Bobby Clarke, the NHL office has your back…

The newest biggest thing on the intertubes is the Wikipedia Scanner, which lets you see what edits were made to Wikipedia entries from which IPs. Wired has some of the better ones up here.

Of course, being a hockey fan, I was curious to see what might be arousing the editing of the powers-that-be in the NHL.

A check on the Columbus Blue Jackets’ corporate IPs came up with nothing that interesting, one change to some computer techie article. Not the widespread editing of the “Doug MacLean” entry I was hoping for.

I had better luck with the NHL.

Someone there is pretty interested in the history of various banks. As for hockey related stuff, the mystery NHL editor made some minor factual corrections to several pages, and also noted that Islander fans hope to see Steve Webb back. They also saw fit to edit John Vanbiesbrouck’s autobiography to discuss the racial slur that lost him his job in the Soo.

The one that made me fall over giggling was the “Valery Kharlamov” entry, where someone in the NHL office cleaned up some editorial comment about Bobby Clarke.

Here’s the original:

However, it was during the [[1972 Summit Series]] that Valery Kharlamov, along with teammate [[Vladislav Tretiak]], became the talk of the hockey world. At [[Montreal, Quebec|Montreal]], [[Canada]], in game one of the eight game international series against the best professionals from Canada, a virtually unknown Valery Kharlamov astonished Canadian fans and their star hockey team with his explosive speed, agility, and goal scoring prowess. Kharlamov was voted the game’s MVP after he scored two goals while leading his team to an upset victory that shook the foundations of North American professional ice hockey to the core. Such was the effect of Kharlamov that in game six of the fiercely fought series, Canada’s [[Bobby Clarke]], a notoriously dirty player with the [[Philadelphia Flyers]], chased Kharlamov down and struck a vicious two-handed slash on his left ankle. Although he bravely continued in game six, he was unable to play in game seven and was ineffective in the final game. Most knowledgeable observers believe this unwarranted assault by Clarke was a crucial incident which contributed to turn the tide of the series in Canada’s favour. Years later, [[John Ferguson, Sr.]], an assistant coach with Team Canada, was quoted as saying “I called Clarke over to the bench, looked over at Kharlamov and said, ‘I think he needs a tap on the ankle.’ I didn’t think twice about it. It was Us versus Them. And Kharlamov was killing us. I mean, somebody had to do it.”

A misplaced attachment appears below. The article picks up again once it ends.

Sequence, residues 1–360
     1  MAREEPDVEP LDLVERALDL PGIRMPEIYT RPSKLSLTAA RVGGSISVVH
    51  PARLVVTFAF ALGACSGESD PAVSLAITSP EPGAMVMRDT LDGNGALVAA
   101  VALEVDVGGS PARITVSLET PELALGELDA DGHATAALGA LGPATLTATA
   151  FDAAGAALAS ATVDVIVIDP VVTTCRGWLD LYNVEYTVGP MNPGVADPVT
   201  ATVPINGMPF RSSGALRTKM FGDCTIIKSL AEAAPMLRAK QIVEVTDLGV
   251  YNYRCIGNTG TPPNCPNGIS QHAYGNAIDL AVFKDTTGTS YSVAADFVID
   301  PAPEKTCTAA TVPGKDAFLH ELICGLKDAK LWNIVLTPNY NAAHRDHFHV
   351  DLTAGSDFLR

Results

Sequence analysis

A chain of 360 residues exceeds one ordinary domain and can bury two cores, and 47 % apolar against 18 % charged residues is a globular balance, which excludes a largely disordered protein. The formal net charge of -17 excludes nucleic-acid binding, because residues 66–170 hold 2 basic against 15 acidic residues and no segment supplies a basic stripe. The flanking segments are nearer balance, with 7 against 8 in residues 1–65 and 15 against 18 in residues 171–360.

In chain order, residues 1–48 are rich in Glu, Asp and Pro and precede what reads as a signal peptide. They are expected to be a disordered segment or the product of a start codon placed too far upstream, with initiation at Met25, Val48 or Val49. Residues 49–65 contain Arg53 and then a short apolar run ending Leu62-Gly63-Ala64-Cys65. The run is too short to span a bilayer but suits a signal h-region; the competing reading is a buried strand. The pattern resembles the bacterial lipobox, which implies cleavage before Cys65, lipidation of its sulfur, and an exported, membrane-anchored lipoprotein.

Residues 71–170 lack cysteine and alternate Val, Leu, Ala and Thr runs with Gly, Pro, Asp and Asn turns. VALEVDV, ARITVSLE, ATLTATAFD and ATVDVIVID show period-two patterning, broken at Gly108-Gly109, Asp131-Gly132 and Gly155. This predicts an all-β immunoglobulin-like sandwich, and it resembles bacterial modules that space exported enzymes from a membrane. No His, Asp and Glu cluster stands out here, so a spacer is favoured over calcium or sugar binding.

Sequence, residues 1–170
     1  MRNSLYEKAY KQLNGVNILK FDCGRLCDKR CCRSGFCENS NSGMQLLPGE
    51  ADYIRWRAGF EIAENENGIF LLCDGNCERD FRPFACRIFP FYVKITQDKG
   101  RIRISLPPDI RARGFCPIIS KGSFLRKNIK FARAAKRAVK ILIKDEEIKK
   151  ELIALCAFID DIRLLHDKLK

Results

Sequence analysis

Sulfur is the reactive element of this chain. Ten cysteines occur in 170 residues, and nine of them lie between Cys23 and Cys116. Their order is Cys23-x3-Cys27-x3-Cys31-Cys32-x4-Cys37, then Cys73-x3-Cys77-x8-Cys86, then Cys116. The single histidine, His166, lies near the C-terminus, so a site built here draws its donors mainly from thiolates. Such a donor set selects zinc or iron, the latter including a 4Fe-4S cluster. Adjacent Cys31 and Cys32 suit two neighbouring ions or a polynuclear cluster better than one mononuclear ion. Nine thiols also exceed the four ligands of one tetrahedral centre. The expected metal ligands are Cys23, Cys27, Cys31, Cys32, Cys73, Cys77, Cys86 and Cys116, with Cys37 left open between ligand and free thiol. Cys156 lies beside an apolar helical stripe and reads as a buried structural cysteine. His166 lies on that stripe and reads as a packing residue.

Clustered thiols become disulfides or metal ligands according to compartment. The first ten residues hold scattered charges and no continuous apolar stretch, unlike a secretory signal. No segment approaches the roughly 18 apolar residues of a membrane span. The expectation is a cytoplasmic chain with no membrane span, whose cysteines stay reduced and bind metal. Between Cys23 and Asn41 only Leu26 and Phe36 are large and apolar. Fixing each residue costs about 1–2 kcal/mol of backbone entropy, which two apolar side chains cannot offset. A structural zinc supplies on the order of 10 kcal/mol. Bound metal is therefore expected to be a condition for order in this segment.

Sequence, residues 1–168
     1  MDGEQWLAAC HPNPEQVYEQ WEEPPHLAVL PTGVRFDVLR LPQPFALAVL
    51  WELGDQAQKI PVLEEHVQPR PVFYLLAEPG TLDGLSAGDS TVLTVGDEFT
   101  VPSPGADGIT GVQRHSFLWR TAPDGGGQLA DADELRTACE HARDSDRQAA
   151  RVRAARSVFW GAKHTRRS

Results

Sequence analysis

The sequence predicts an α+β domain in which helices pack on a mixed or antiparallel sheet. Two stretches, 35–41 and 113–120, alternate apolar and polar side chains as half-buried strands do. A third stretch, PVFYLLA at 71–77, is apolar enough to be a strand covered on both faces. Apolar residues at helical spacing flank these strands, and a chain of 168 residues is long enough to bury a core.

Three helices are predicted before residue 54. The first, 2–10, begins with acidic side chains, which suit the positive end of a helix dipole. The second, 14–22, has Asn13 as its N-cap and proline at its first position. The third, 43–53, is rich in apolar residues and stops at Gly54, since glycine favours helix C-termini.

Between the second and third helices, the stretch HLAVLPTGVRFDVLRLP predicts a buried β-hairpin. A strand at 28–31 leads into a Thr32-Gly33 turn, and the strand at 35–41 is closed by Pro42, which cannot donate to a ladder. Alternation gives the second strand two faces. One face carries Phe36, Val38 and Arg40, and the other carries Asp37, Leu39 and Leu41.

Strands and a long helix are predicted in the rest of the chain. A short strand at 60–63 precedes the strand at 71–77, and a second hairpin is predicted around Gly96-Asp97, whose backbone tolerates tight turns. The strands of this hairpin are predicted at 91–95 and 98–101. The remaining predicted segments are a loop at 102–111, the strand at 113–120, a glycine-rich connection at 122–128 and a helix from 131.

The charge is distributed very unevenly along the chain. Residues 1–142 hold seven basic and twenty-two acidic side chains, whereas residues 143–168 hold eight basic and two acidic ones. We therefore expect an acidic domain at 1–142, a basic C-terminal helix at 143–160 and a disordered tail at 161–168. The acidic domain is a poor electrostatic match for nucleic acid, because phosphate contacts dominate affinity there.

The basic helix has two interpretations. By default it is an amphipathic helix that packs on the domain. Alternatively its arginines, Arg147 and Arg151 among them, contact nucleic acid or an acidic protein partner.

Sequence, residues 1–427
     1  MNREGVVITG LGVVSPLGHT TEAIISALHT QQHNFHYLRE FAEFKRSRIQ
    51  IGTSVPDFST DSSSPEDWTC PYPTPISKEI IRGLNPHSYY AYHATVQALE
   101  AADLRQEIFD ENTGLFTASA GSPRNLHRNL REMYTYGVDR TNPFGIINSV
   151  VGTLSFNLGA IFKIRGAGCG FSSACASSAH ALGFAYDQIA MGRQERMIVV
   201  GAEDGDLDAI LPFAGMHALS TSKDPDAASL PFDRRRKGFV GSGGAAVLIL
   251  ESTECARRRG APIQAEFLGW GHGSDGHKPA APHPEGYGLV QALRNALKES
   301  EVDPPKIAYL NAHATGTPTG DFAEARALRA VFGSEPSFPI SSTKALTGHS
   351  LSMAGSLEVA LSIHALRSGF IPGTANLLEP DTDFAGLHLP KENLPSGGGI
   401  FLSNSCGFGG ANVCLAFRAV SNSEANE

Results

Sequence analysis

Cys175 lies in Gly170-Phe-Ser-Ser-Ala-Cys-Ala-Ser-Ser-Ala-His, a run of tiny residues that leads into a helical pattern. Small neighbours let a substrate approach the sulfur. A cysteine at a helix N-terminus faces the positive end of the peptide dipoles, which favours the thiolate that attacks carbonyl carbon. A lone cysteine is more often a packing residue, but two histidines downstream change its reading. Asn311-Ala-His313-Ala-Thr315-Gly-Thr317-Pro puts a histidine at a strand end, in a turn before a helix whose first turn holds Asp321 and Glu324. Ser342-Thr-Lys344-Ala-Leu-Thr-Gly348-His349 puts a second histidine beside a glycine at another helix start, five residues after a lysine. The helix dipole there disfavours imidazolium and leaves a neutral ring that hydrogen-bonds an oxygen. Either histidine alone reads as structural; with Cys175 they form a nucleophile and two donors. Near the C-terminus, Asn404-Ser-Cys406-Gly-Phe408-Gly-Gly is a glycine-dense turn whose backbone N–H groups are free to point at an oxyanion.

Here’s the version edited by someone with a National Hockey League IP address:

However, it was during the [[1972 Summit Series]] that Valery Kharlamov, along with teammate [[Vladislav Tretiak]], became the talk of the hockey world. At [[Montreal, Quebec|Montreal]], [[Canada]], in game one of the eight game international series against the best professionals from Canada, a virtually unknown Valery Kharlamov astonished Canadian fans and their star hockey team with his explosive speed, agility, and goal scoring prowess. Kharlamov was voted the game’s MVP after he scored two goals while leading his team to an upset victory that shook the foundations of North American professional ice hockey to the core. Such was the effect of Kharlamov that in game six of the fiercely fought series, Canada’s [[Bobby Clarke]], of the [[Philadelphia Flyers]], slashed Kharlamov on his left ankle. Although he bravely continued in game six, he was unable to play in game seven and was ineffective in the final game. Some observers believe this injury was a crucial incident which contributed to turn the tide of the series in Canada’s favour. Some believe it was retaliation for Kharlamov’s constant slashing. He was the most penalized Soviet player in the series, his minutes exceeded only by Clarke and J.P. Parise, who had an altercation with an official. Years later, [[John Ferguson, Sr.]], an assistant coach with Team Canada, was quoted as saying “I called Clarke over to the bench, looked over at Kharlamov and said, ‘I think he needs a tap on the ankle.’ I didn’t think twice about it. It was Us versus Them. And Kharlamov was killing us. I mean, somebody had to do it.”

I LOL’ed.

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